this is the occasional blog of jamie rumbelow: a software engineer, writer and philosophy graduate who lives in london.
The Safari Web Extension mechanism is an important step forward for iOS apps – and a significant part of my current project, on which more soon – but the documentation is a little fragmented and the tooling isn’t nearly solid enough just yet. Developing these new extensions is challenging.
A small contribution to changing that:
By default, extension files that aren’t explicitly whitelisted in the
manifest.json file are inaccessible from the browser. One common use case of the
content.js script is to inject scripts into the same execution environment of the active web page. However, no such injection is possible unless the loaded file is whitelisted.
manifest.json spec defines a
web_accessible_resources parameter, which allows extensions to whitelist resources for access from the browser.
Thus, the following whitelist:
Allows you to generate the resource’s URL with the following code:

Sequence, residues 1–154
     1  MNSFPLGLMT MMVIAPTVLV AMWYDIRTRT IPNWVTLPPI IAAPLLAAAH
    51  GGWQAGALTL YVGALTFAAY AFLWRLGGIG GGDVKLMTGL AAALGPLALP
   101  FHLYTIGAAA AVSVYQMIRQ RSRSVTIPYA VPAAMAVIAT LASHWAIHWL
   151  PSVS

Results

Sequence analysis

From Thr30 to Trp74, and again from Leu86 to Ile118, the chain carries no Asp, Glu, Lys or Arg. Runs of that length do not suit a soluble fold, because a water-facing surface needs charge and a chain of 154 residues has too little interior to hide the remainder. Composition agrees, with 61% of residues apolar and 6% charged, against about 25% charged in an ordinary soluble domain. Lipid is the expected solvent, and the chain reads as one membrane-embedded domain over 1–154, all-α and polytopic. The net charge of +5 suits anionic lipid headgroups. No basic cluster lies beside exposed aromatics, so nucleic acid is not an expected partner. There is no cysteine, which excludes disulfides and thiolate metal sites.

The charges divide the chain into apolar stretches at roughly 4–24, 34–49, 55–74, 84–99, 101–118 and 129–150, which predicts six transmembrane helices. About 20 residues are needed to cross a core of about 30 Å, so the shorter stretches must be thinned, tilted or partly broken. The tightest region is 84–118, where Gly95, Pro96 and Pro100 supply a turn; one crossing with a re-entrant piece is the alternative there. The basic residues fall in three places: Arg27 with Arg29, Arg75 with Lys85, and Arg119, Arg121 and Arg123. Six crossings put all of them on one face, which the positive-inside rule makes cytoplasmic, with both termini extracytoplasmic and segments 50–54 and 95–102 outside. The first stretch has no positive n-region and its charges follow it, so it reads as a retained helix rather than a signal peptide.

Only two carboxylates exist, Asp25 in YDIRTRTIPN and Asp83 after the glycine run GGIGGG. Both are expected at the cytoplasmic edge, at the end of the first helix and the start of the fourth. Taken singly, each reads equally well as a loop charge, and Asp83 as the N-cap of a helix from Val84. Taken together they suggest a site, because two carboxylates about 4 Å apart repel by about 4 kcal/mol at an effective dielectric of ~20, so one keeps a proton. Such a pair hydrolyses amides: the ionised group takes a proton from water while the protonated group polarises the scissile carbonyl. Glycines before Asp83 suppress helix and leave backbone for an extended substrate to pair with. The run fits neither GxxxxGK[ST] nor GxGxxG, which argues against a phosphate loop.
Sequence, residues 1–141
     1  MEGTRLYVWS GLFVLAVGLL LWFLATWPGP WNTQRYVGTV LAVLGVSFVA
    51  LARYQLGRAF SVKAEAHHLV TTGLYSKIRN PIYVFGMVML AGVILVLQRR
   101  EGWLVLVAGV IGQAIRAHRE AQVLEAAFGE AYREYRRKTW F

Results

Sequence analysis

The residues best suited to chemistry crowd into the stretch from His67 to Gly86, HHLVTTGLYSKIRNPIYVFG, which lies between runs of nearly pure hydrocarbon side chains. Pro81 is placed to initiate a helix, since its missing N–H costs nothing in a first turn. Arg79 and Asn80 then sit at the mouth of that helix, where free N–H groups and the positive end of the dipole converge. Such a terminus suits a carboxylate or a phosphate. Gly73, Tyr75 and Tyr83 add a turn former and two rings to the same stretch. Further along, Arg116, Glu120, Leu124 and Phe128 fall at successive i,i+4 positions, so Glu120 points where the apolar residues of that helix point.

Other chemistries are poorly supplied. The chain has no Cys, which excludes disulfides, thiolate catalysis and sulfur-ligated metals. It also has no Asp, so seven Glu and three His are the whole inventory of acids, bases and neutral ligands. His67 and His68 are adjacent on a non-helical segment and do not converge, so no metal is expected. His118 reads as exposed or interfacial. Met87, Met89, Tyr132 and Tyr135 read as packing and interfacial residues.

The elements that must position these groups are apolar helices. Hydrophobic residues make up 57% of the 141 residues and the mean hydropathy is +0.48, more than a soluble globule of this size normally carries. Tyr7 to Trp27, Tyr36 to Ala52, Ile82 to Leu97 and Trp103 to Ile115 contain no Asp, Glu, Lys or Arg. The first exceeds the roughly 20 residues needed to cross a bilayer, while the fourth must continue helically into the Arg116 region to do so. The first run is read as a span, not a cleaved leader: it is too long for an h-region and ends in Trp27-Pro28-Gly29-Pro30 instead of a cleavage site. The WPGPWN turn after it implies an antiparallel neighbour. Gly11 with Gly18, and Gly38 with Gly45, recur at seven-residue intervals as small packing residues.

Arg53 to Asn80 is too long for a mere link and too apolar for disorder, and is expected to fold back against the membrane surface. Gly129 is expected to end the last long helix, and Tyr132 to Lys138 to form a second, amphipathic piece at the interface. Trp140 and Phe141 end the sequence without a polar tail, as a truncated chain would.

Which gives you the following sort of URL:
The ID directly after the protocol in that URL is generated on a per-browser-instance basis, so you can’t guess it ahead of time. You have to call
getURL to generate it.
There are two important things that the API documentation doesn’t specify, which took me some time to figure out:
browser.runtime.getURLis only defined inside the extension’s execution contexts. So the content.js and background.js files are fine, but the webpage itself is not. If you want to use it in the webpage context, you’ll need to generate the URL in the extension somewhere and communicate it via the
Any values used in the
web_accessible_resourcesparameter must be nested under a subdirectory. If you try to call a top-level file (such as
getURL("foo.png")), the URL will generate fine, but the file itself won’t be loadable. The browser will simply report it as inaccessible.
Hopefully this saves somebody else some time.